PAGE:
Manitoba has an abundant supply of surface water with many large lakes and thousands of smaller ones (chapter 2). However, much of the water is in the north or drains to the north where there is a sparse population. In the south dams and reservoirs have been constructed to conserve water in some areas, whereas in other places projects were designed to drain water from the land to make it suitable for cultivation. The province’s rivers offered enormous potential for hydroelectric power, much of which has now been exploited, starting with a small-scale project on the Little Saskatchewan River and progressing to large projects on the Winnipeg, Saskatchewan and Nelson rivers. Two thermal power stations at Brandon and Selkirk on the Assiniboine and Red rivers illustrate the need for an assurred water supply. Flooding has been a problem since the earliest days of the province, especially along the Assiniboine and Red rivers culminating in the 1997 “Flood of the Century” in the Red RiverValley. Dams, diversions and ring dikes are used to divert the floodwaters to less critical areas.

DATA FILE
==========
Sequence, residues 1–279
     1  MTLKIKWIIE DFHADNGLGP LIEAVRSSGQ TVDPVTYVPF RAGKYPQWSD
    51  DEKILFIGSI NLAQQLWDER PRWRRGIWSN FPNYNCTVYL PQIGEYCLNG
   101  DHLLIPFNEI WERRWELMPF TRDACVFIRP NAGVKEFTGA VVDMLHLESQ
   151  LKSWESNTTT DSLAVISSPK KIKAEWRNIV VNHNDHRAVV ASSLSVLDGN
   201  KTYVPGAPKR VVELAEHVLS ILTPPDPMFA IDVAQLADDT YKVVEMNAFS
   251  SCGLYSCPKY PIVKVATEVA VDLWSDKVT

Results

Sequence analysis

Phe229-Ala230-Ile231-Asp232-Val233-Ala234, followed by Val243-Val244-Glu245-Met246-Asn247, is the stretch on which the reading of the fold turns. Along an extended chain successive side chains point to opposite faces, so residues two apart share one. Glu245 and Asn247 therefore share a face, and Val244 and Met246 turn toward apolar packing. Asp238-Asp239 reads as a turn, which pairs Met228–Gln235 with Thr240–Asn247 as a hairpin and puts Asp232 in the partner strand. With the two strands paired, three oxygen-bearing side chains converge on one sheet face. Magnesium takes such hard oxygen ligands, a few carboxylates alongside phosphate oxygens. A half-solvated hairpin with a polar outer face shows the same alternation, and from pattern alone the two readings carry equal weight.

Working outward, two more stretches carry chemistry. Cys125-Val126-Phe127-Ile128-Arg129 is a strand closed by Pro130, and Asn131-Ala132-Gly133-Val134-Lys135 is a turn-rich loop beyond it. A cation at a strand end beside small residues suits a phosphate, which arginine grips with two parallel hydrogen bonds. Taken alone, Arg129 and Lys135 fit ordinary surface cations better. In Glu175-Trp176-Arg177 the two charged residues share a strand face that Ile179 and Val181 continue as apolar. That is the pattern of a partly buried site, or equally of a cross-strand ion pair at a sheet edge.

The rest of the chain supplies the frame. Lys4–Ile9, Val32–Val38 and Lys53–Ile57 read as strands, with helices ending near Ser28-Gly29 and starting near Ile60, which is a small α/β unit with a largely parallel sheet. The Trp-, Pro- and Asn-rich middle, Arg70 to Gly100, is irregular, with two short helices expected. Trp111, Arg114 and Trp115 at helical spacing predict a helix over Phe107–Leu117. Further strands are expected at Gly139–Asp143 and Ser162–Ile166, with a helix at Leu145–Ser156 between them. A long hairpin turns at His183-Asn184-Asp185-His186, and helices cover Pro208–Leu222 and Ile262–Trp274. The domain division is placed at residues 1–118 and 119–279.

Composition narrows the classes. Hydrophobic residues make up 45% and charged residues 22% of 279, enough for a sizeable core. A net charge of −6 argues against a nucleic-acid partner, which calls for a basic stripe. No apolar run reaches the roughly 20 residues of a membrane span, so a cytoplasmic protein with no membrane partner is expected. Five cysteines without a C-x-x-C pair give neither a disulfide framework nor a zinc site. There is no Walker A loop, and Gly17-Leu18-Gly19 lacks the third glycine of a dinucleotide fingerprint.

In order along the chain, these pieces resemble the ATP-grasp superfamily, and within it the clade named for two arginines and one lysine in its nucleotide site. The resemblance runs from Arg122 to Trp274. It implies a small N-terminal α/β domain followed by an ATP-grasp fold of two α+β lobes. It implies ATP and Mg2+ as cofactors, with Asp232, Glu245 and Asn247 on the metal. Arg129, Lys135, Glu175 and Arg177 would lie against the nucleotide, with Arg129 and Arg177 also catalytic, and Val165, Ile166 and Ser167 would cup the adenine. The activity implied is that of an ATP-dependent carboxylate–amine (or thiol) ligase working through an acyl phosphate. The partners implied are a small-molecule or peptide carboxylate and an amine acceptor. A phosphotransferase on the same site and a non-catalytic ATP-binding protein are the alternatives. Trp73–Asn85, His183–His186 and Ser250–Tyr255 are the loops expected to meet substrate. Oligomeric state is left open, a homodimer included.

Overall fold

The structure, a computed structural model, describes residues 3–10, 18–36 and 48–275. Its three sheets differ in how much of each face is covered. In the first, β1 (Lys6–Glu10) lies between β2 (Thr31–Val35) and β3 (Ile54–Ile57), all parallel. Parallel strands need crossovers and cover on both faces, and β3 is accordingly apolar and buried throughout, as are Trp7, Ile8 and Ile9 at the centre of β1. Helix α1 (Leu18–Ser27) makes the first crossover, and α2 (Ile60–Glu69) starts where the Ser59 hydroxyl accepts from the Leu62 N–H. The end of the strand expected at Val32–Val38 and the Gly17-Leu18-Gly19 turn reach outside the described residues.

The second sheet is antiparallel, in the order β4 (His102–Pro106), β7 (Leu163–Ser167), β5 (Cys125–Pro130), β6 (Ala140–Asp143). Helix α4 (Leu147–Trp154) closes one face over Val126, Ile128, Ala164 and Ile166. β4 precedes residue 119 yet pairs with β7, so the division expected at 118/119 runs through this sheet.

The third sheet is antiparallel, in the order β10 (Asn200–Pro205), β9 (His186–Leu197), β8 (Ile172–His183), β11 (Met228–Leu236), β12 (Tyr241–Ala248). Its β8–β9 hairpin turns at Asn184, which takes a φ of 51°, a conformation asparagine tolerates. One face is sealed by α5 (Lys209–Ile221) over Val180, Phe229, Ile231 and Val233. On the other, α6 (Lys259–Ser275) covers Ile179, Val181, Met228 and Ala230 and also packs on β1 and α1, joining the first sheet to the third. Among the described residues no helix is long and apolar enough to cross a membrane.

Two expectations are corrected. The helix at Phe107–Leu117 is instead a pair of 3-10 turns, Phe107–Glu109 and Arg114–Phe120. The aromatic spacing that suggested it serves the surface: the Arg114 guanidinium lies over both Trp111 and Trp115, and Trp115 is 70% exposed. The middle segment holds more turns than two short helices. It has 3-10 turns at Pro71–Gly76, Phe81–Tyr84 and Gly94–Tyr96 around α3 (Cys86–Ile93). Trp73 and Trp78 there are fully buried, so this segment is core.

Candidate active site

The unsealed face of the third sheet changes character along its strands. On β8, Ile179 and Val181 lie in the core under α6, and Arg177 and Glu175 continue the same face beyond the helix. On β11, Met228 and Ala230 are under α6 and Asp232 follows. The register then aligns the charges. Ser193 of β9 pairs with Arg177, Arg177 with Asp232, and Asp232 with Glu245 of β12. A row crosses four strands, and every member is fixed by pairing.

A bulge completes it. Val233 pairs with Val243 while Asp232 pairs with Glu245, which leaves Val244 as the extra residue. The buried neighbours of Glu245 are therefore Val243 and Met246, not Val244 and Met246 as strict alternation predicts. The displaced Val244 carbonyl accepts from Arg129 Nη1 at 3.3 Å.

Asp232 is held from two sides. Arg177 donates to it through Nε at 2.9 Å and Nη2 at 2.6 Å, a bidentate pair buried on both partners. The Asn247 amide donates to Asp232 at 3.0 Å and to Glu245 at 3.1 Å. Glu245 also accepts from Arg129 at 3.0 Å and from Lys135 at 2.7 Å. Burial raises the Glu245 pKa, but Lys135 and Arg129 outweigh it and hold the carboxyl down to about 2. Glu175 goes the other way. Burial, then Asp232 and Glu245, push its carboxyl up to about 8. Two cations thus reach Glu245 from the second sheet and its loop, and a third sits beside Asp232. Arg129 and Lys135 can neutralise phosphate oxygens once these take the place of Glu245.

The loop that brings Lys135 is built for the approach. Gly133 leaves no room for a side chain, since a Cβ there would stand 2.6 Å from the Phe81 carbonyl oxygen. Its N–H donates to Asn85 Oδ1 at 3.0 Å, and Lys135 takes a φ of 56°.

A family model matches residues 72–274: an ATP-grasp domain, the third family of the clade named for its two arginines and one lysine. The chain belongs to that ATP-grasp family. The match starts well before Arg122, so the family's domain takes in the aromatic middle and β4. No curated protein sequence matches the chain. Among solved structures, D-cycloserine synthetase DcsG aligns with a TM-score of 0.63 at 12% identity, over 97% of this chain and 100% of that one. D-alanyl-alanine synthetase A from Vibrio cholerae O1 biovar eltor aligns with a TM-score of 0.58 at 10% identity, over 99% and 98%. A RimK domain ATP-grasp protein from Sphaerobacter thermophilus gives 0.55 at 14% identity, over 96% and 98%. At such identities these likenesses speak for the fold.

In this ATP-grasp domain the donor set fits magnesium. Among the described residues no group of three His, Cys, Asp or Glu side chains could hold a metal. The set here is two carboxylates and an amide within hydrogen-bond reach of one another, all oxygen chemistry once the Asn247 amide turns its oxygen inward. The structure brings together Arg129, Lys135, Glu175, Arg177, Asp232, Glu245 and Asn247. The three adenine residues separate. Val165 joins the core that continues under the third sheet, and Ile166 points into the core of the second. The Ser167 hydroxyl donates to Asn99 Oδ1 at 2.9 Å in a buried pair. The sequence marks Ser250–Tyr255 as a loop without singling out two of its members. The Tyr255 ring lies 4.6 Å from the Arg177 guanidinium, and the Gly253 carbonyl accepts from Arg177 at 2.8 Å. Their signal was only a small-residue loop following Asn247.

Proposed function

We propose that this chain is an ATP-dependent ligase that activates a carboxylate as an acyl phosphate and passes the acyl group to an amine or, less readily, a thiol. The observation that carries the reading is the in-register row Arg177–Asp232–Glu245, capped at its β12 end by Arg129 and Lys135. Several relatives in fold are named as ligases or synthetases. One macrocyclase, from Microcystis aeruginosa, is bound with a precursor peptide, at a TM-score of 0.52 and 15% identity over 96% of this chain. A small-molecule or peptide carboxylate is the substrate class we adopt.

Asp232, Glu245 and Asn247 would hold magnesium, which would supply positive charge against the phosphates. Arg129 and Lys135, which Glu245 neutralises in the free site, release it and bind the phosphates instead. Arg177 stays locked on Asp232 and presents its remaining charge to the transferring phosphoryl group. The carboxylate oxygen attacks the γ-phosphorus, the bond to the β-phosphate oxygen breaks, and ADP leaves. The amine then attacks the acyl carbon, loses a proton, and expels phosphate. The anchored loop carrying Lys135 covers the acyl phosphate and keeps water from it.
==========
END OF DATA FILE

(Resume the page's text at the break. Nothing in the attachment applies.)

16.15: Dried-Up Sloughs Near Lenore
Large parts of southwestern Manitoba are covered by hummocky ground moraine with thousands of small lakes (sloughs) occupying low-lying areas. Many of these have dried up either as a result of natural infilling by emergent vegetation or by artificial drainage by humans to increase the land area available for agriculture. This image is of the northwestern end of an esker complex extending from near OakLake (off the photo to the south) to Lenore (off the photo to the north). Four esker-like ridges are visible 1, as are sloughs in various stages of development. Some dark-toned sloughs 2 are devoid of vegetation, whereas others have vegetation growing from the sides 3 or in the middle 4. One large slough 5 is almost completely unfilled, and others are completely dry 6; one is occupied by a clump of trees 7. Although water is available from the sloughs, farmers have constructed artificial reservoirs (dugouts) 8 to hold water for domestic and farm use.
Also notable on this image are shelterbelts protecting farm buildings 9, and straw stacks 10. Sections 10 and 11 of township 11, range 24W1 are irregularly shaped.
Figure 16.15: Dried-Up Sloughs Near Lenore
Vertical air photograph: A16411-79
Flight height: 10,300 feet a.s.l.; lens focal length: 152.4 mm